A recent column written by the highly respected James May of former Top Gear fame got me thinking. An avid motorcycle rider, May called for that sub-human race who stride among us—the motorcycle thief—to be eradicated from society by means of swift and unabashed annihilation.
“We must deal with the problem of bike thieves at its source, by killing them,” May says in his column on Drivetribe.com (you can check out the full column by clicking here).
May’s assertion these beasts should be denied the right to breathe might be on the harsh side, yet my opinion on the matter is not that different. Like May, I do not condone state-sponsored murder, except in cases so severe no other punishment will suffice. Pedophilia being one.
However, the thought someone can, at any opportunity, liberate me from my pride and joy makes me violently angry. Who do these jack-offs think they are? I have worked hard for my stuff—if you are not in a position to benefit from your life’s work, maybe you should try harder and leave me and my bike the hell alone.
My mates back in Australia and I are a tight bunch of blokes. Bound for life by bikes, we’ve all had them stolen right from under us. Richie had his Ducati 1098 S flogged after the dickless wonders broke three separate locks to get to his bike in a “secure” basement in his apartment building, one that was patrolled by an armed security guard.
Dom had his Honda CBR600RR stolen while upstairs changing his newborn son’s diaper.
Rob had his brand-new Kawasaki ZX-9R stolen merely two weeks after picking it up from the dealer—it was his first present to himself after years of slogging away as a single father, getting his head above water to the point where he could enjoy life a little. Simon had his Honda CRF50 pit bike stolen from the campsite after the perpetrators stayed up with us late into the night drinking our beers, laughing and having a good time around the fire. That one angered me (not to mention Simon) especially hard because once you share a beer and chat about motorcycles as mates, you have a bond together. Any low-ball act like turning around and stealing the other person’s bike should be met with the appropriate castration device, one suitably rusty and blunt.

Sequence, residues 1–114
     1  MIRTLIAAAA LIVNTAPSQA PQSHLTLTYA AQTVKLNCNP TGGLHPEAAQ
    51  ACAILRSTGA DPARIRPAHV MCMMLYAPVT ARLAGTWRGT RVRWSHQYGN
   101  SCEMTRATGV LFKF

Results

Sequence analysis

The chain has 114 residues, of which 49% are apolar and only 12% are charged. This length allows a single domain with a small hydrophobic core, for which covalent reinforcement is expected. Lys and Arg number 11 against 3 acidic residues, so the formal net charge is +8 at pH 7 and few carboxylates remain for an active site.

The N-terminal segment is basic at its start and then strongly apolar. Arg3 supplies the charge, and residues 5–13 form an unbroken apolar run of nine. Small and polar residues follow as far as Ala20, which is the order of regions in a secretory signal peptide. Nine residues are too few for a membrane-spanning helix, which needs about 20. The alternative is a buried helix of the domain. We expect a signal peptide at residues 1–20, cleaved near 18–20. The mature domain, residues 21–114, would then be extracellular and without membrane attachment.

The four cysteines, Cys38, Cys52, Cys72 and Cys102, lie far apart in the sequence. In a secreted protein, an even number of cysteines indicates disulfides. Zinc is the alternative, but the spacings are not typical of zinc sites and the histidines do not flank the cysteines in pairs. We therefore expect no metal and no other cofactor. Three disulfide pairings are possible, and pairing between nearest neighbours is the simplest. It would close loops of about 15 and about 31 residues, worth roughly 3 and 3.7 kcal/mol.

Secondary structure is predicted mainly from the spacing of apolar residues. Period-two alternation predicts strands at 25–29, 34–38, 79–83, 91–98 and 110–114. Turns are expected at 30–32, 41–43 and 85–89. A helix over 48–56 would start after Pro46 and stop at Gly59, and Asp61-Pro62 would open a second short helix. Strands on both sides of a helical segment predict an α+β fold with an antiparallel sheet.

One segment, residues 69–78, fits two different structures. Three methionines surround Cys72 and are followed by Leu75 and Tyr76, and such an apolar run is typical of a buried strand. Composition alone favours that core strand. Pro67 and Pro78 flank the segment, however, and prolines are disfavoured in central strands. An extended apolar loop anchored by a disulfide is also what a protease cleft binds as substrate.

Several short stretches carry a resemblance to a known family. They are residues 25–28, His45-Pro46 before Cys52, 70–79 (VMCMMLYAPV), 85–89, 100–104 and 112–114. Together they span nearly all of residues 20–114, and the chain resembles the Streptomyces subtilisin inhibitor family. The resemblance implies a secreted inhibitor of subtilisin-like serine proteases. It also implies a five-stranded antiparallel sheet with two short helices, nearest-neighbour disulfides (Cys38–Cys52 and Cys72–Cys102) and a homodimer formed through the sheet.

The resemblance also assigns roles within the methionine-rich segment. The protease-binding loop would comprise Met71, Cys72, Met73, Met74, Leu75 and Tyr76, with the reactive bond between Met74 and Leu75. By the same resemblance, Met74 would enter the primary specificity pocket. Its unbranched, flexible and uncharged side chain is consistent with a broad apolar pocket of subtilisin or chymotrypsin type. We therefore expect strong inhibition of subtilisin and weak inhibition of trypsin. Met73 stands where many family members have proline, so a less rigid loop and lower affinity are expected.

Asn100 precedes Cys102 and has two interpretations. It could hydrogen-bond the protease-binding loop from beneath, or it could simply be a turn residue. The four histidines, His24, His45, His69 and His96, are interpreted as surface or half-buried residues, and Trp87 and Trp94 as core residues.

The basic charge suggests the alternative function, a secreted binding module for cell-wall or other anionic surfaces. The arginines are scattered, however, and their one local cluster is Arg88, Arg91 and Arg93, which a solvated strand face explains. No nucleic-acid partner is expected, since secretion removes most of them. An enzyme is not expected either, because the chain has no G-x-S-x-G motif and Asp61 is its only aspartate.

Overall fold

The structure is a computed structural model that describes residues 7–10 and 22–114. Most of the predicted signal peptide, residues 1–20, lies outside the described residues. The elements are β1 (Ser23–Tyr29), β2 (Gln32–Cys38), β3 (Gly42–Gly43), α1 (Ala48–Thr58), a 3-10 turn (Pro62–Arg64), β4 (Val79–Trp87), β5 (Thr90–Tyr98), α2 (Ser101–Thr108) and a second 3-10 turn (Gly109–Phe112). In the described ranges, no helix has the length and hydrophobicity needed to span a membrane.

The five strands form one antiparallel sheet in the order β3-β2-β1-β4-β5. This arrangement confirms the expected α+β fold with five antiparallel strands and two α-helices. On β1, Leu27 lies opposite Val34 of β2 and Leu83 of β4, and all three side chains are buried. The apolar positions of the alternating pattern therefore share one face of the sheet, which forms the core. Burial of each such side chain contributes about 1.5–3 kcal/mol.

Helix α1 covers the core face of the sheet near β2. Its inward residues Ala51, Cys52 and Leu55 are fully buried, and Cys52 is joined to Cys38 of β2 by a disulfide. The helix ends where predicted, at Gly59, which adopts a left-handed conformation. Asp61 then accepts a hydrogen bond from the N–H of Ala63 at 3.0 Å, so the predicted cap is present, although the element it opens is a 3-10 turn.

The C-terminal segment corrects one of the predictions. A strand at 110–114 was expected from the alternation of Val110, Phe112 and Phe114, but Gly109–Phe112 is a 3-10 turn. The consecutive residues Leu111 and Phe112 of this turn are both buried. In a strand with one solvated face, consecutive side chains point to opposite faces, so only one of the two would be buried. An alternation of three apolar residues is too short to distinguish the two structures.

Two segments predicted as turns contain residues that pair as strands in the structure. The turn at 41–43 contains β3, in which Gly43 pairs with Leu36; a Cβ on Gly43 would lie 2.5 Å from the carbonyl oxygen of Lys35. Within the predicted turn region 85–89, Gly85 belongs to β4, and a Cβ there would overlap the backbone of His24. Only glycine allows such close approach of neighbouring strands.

My experience with the bike thief stems back to when I was so broke I didn’t have a pot to piss in. At 24 I’d decided to go back to school full time and was making do on a couple hundred bucks a week when everyone around me was earning much more than that.
My mode of transport back then was a 2002 Honda XR400—that beautiful, red beast of a dirt bike you couldn’t kill with a hammer. Reliable, strong, good looking, cheap. It was everything I needed.
That year of 2007 coincided with a strange point in my life. I’d broken up with my long-term girlfriend, moved into a crazy share house and was trying to figure out my lot in life. At the same time, my roommate Hannah’s uncle was doing the same. Andrew had recently come out of the closet after 16 years of marriage and three children (when I say come out of the closet, what he did was aim the proverbial ballistic missile at it and blow it to smithereens).
To celebrate, Andrew decided to take part in Sydney’s biggest party—the annual Gay and Lesbian Mardi Gras—so Hannah, myself, and our whole posse were off to support him as he began to relish his new life.
Knowing full well we’d be getting wasted drunk that night, we started walking to the train station when I saw a punk kid on what looked to be my BMX bike I used to occasionally ride to college. Sure enough, it was my bike, so I sprinted over to him, cornered the little bugger and asked his just what the hell he was doing with my bike. He told me some older guys gave it to him, so I politely informed him it was not theirs to give away and swiftly booted him off it.
Walking back to the garage we shared with several other residents, I saw my car in its usual spot. I normally parked my XR in front of the car to give it a bit of cover, securing it with a big ass chain and padlock that was apparently made to stop motorcycle thieves.
Dropping the BMX back to the garage, the bright red XR was nowhere to be seen, nor was the chain and lock. Strangely enough, I didn’t initially panic. I must have left it at a friend’s place. Or school. Or the pub. It wasn’t stolen, I kept telling myself. I just had to remember where I left it.
After two agonizing minutes of denial, it hit home. Some shit stain had stolen my motorcycle.
I’ve lost money, jobs, friends and girlfriends, all of which have caused me varying levels of distress, but I’ve never, ever felt such fury the day I was supposed to be celebrating a man’s new life. That rip-off of my ride left me without a motorcycle for the next 12 months—the longest break I’d had from riding since I was four-years-old—simply because I didn’t have the funds to get a new one.
The sad twist in this tale is that XR was a replacement for our family’s 1998 XR400, another machine removed from our possession when two loads that should have been flushed ransacked my parent’s farm in 2003.
Anyone that’s suffered a break-and-enter knows the feeling of violation that courses through your veins. Someone’s invaded your space, dug through your life and left you feeling less secure in the very place that should bring you peace. Stealing a motorcycle brings that exact same feeling to the rightful owner.
So, you can see why I have no real problem with what James May said. If you steal motorcycles for a laugh, for your own use, or are part of the rebirthing ring that’s the bane of the international motorcycle community, you deserve the worst punishment the universe can dish your way.
There are 7.3 billion humans in the world, meaning there’s plenty of good people who will take your place. CN